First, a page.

Turning Nelson Mandela into a political prop

Trigger Warning: racism, classism

On Bill O’Reilly’s show the night of former South African Prime Minister Nelson Mandela’s death, he discussed the man briefly with former Republican Senator Rick Santorum. O’Reilly’s fascinating inability to reconcile Mandela’s record as both a communist and a visionary who ended the horrifyingly violent Apartheid social order has caught most of the flak, but Santorum’s own comments seem equally astounding. He babbled, seemingly a bit caught off guard by being asked about Mandela’s death:

Nelson Mandela stood up against a great injustice, and was willing to pay a huge price for that, and that’s the reason he’s mourned today, because of that struggle that he performed. You are right, what he was advocating for was not necessarily the right answer, but he was fighting against some great injustice. And I would make the argument that, you know, we have a great injustice going on right now in this country, with an ever-increasing size of government that is taking over and controlling people’s lives. And Obamacare is front and center in that.

Working our way through it, he seriously called the near half century of resistance to Apartheid something “performed”. The years of both peaceful and violent protest being met by South African police killing people by the dozens was apparently a “performance” or something else sufficiently unserious. In the face of staggering economic inequalities between the various racial groups in South Africa, affiliating with pro-redistribution political groups was “not necessarily the right answer”. Finally, Mandela’s general reception as a hero for the downtrodden is nothing more than a cypher for how opponents to Obamacare, like say Santorum, should be treated.

The irony, given that Mandela’s post-Apartheid government declared healthcare a right and enacted something quite similar to Obamacare, is palpable. Santorum pretty clearly has a lot of hostility towards Black people being supported by their governments, which makes his claim to be a politician in the same camp as Mandela seem even more laughably self-serving. It’s hard to imagine any way of “praising” Mandela in a way that’s so utterly designed to make him and his work useful to you while discrediting and working against his actual causes.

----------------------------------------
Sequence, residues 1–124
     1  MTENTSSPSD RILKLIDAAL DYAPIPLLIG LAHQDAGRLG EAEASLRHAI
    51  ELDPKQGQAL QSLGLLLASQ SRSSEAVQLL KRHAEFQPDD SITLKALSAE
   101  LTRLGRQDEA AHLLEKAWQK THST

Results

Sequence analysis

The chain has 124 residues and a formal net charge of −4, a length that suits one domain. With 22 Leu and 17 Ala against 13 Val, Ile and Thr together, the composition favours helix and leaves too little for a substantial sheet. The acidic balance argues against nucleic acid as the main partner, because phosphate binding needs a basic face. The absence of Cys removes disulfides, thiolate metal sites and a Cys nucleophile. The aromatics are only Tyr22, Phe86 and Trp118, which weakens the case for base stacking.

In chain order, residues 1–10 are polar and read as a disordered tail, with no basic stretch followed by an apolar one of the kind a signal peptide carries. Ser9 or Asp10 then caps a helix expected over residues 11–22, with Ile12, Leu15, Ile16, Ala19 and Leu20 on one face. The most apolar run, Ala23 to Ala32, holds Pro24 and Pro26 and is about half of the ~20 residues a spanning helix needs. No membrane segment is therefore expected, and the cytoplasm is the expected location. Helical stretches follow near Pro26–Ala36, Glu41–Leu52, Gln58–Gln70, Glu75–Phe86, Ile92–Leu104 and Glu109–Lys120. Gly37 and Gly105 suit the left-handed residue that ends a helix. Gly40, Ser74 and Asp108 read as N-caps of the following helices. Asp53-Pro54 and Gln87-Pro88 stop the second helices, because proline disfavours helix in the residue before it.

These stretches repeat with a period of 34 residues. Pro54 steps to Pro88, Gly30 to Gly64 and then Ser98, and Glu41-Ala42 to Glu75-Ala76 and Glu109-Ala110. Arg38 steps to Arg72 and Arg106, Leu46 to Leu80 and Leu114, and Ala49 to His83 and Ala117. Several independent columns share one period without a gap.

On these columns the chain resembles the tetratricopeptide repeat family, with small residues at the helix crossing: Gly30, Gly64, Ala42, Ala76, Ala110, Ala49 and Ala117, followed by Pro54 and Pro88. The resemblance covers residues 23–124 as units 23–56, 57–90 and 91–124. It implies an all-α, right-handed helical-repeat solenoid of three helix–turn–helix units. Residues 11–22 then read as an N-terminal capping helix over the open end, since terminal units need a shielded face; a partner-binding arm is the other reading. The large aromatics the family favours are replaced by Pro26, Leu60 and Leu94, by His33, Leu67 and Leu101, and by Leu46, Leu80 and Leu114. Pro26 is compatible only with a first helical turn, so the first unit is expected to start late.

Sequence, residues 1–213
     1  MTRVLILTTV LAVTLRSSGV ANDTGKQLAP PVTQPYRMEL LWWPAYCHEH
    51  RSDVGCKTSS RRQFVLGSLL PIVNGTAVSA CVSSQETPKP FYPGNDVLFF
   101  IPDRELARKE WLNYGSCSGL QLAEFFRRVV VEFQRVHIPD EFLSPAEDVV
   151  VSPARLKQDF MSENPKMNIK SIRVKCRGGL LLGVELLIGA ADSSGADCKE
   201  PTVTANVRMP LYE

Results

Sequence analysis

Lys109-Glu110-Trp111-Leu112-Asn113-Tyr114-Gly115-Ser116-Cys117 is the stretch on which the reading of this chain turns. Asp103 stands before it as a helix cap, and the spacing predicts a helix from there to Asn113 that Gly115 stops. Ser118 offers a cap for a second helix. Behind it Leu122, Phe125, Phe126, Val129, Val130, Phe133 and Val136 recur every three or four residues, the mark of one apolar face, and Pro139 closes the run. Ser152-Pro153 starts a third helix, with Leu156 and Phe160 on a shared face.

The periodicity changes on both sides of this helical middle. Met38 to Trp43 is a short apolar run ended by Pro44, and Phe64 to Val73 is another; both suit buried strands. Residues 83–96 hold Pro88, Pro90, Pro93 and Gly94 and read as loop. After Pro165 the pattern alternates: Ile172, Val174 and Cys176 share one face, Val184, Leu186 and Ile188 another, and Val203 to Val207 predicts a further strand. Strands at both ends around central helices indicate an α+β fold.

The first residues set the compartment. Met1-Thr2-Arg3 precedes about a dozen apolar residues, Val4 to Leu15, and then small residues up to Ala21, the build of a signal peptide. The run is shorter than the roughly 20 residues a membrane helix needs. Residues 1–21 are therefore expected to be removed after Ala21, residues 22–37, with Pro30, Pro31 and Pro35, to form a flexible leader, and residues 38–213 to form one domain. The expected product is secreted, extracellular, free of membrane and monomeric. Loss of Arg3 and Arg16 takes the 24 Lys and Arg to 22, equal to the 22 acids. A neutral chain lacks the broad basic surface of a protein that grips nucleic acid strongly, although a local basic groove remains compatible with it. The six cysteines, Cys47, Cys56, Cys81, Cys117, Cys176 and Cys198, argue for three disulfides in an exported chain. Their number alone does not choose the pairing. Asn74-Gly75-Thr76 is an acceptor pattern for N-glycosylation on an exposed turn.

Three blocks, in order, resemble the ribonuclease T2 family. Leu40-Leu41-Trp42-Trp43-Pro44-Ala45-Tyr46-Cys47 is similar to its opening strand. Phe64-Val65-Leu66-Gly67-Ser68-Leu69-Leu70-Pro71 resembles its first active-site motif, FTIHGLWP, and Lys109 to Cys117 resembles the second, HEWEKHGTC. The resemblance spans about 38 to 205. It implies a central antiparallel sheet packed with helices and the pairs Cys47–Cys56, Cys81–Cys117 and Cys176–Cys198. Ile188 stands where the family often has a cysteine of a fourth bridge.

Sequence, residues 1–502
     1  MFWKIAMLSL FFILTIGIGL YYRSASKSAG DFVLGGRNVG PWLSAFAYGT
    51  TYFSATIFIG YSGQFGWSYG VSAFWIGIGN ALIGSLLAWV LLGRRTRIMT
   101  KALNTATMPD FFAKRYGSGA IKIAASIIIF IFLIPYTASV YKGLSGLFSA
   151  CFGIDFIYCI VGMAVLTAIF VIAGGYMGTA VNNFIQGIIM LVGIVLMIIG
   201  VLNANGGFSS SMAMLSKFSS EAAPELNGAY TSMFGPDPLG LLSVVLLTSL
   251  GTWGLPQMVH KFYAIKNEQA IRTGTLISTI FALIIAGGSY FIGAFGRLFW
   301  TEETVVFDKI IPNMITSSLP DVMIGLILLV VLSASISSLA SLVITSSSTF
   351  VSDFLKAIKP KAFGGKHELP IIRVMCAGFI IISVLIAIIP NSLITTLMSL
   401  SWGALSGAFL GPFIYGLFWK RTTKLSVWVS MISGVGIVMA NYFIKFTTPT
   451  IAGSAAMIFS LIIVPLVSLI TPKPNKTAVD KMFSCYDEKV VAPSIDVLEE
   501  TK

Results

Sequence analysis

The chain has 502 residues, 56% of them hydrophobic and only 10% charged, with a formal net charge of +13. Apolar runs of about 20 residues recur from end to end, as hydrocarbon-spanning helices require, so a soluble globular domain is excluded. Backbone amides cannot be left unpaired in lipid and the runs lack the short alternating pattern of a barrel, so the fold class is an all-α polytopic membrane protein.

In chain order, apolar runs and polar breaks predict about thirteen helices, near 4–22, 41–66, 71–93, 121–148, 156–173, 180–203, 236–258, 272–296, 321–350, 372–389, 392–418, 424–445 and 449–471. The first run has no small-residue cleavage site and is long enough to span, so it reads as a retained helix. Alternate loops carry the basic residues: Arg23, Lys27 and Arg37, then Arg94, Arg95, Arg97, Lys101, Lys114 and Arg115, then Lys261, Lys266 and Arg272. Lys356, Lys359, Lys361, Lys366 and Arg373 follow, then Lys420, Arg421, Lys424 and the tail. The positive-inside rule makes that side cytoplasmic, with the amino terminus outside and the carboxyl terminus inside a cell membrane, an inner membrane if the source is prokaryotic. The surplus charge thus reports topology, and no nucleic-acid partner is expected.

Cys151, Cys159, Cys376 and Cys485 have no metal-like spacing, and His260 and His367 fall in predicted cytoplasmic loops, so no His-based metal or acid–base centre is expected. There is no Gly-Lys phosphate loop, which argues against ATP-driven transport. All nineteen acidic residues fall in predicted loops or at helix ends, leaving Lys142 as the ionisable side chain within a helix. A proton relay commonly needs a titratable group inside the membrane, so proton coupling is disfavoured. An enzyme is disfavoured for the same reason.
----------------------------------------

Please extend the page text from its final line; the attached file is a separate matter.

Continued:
Musa Okwonga, a UK writer of Ugandan descent, predicted this all too well in his reaction piece to Mandela’s death – “Mandela will never, ever be your minstrel”. Whoever you are, you need to read that or listen to Okwonga’s own reading of it, but in the context of Rick Santorum, this part seems especially pertinent:

You will try to make out that apartheid was some horrid spontaneous historical aberration, and not the logical culmination of centuries of imperial arrogance. Yes, you will try that too. You will imply or audaciously state that its evils ended the day Mandela stepped out of jail. You will fold your hands and say the blacks have no-one to blame now but themselves. […] Nelson Mandela was not a god, floating elegantly above us and saving us. He was utterly, thoroughly human, and he did all he did in spite of people like you. There is no need to name you because you know who you are, we know who you are, and you know we know that too. You didn’t break him in life, and you won’t shape him in death. You will try, wherever you are, and you will fail.

Well, I think we found one who’s exactly like that.

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One thought on “Turning Nelson Mandela into a political prop

  1. Pingback: The year that class apparently stopped mattering | northup news

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